application and being responsible for few hundred databases across several servers, its hard to allocate perfectly at one shot. We do by getting the info we have. And when autogrow needs to be done occasionally( probably abt once in 2 months) we do.



Regards,
Raj

Strictlysql.blogspot.com
Post #880831
Posted Thursday, March 11, 2010 3:04 AM
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@Paul,


It seems correct to me. The idea is to capture information about the occasional rogue process that consumes an unusual amount of log space and thus causes a log growth. (In any well-designed production system, log growths are very unusual.)


The unfortunate thing is my apps are not well designed and I have very little control over it. And My idea is this. To play it safe and instead of regretting on
missed data because of a miss on the time frame, I am better of having all the info at little cost


Regards,
Raj

Strictlysql.blogspot.com
Post #880834
Posted Thursday, March 11, 2010 3:10 AM


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arr.nagaraj (3/11/2010)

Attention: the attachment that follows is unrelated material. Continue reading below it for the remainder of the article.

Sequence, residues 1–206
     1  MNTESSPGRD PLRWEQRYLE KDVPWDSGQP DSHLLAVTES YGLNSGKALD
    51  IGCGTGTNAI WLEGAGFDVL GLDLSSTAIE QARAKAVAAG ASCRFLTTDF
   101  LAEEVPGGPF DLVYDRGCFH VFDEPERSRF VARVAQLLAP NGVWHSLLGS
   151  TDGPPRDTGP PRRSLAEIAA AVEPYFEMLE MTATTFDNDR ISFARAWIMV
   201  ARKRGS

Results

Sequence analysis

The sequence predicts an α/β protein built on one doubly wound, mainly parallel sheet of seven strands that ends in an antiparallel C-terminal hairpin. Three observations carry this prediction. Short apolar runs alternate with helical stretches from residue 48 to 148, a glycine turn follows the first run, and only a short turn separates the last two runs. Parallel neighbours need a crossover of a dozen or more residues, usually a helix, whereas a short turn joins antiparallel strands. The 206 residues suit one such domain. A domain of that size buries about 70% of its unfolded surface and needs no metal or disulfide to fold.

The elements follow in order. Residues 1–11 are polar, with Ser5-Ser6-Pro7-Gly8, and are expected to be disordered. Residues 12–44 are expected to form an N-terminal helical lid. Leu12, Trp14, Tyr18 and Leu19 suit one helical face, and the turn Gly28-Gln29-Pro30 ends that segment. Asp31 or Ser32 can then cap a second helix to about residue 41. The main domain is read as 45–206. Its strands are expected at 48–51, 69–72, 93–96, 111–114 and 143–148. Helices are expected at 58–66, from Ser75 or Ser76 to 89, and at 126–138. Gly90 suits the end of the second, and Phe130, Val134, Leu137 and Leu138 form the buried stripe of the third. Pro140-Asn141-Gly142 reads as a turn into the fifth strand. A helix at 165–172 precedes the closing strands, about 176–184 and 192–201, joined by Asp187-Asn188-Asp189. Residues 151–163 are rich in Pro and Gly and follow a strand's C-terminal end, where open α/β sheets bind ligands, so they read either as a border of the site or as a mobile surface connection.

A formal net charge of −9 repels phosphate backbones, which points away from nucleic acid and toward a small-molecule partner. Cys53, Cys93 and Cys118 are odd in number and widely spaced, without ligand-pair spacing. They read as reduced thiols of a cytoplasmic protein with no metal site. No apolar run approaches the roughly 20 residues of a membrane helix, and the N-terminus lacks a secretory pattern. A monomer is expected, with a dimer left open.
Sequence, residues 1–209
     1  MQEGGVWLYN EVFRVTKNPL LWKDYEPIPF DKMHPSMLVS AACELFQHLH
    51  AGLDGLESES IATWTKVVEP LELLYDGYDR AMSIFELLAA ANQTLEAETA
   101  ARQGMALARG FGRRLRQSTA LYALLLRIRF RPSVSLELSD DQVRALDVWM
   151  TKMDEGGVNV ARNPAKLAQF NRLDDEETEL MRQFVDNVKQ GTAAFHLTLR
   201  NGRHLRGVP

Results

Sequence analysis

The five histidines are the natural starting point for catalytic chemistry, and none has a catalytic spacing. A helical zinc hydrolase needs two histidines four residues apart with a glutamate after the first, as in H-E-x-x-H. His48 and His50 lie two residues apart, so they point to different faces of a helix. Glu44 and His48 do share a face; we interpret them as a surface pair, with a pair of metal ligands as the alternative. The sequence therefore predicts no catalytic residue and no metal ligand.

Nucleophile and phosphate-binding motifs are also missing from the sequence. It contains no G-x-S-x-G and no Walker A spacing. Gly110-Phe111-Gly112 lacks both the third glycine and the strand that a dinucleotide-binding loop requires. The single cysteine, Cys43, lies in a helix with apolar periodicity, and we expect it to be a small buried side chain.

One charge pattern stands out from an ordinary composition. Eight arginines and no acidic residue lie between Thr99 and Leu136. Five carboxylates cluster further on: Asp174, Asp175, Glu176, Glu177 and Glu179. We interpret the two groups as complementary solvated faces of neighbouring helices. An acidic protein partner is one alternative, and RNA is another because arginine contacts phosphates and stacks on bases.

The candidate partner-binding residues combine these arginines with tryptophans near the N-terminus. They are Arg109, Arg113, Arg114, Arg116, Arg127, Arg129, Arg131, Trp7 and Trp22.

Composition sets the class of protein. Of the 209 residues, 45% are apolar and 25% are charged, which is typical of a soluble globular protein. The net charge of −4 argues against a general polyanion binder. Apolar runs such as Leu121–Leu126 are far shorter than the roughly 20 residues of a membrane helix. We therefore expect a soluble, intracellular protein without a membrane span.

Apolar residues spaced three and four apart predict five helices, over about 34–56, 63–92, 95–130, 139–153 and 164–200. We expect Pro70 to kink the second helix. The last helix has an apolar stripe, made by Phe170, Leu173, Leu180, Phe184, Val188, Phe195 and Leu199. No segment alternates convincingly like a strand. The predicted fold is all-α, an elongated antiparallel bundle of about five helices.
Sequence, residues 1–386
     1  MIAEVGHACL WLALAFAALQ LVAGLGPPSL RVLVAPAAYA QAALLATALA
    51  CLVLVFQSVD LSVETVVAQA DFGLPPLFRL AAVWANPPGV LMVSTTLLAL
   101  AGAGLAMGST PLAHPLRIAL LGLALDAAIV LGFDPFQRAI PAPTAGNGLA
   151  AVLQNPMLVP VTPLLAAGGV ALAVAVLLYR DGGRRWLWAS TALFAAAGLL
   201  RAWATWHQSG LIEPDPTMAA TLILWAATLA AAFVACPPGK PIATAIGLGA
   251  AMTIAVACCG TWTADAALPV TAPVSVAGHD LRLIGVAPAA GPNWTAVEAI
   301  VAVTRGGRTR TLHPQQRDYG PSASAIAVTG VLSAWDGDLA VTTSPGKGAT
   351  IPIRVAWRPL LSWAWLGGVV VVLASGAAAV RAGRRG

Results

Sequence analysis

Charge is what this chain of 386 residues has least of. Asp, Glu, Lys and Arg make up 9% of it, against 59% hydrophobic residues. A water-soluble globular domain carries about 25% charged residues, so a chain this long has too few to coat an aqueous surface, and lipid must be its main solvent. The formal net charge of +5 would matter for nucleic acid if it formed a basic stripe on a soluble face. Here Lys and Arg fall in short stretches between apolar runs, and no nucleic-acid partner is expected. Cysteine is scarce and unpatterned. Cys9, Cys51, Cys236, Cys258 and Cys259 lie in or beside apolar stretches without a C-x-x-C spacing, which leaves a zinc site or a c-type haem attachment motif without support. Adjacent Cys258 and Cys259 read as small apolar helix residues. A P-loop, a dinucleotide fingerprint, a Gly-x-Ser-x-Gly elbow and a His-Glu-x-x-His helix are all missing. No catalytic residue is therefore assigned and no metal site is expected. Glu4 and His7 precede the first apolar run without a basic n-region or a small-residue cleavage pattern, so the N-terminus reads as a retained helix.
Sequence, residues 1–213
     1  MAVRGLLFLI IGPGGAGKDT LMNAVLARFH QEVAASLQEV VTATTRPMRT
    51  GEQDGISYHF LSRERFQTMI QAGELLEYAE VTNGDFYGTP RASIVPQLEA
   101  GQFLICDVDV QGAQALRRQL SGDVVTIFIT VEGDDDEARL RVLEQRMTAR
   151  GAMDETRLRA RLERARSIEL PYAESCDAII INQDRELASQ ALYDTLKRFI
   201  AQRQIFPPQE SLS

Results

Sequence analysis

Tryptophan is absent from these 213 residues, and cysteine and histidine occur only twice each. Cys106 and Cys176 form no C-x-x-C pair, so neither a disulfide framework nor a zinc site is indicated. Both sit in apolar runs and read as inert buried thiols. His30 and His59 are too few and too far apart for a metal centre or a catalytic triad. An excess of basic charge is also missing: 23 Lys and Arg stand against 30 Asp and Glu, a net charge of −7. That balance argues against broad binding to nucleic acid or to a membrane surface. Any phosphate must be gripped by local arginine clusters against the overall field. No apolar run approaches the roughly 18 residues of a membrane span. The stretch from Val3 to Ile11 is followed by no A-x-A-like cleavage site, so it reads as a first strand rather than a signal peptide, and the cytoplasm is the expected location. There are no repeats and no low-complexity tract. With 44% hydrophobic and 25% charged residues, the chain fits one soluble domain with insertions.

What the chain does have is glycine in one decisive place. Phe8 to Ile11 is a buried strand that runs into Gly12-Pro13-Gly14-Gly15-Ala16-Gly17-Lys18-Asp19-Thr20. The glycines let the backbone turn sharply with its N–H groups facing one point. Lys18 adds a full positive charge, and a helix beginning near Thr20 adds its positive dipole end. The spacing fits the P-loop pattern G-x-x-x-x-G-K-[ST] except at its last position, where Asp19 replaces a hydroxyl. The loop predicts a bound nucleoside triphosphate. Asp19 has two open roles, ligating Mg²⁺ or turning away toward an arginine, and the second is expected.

Well, I have systems running with SP2 + still facing the issue.
And I know few people who have the same issue even after sp3.

That really makes no sense at all. Either you have not researched the issue properly and applied the correct hotfix, or the servers in question are not at the Service Pack level you think they are. You also do not mention why the work-arounds in the KB articles will not work for you.

arr.nagaraj (3/11/2010)
Lemme explain a bit more on how the growth part is done. This scripts I use alert me the log which are 75% or more full. We increase the size at a downtime or at non peak hours....<snip>

I am not really all that concerned about how you run your databases.
You said yourself it was a digression - and therefore not related to the article under discussion.

Paul




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Post #880837
Posted Thursday, March 11, 2010 3:16 AM


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arr.nagaraj (3/11/2010)
The unfortunate thing is my apps are not well designed and I have very little control over it. And My idea is this. To play it safe and instead of regretting on missed data because of a miss on the time frame, I am better of having all the info at little cost

No. I prefer Jason's approach. Logging every small transaction is just pointless in the context of this article, as I have made clear already. You will just make it harder to find the information you need if and when a crisis occurs.

BTW, it might be nice if you acknowledged the efforts made by the author in putting this article together.




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Post #880843
Posted Thursday, March 11, 2010 3:18 AM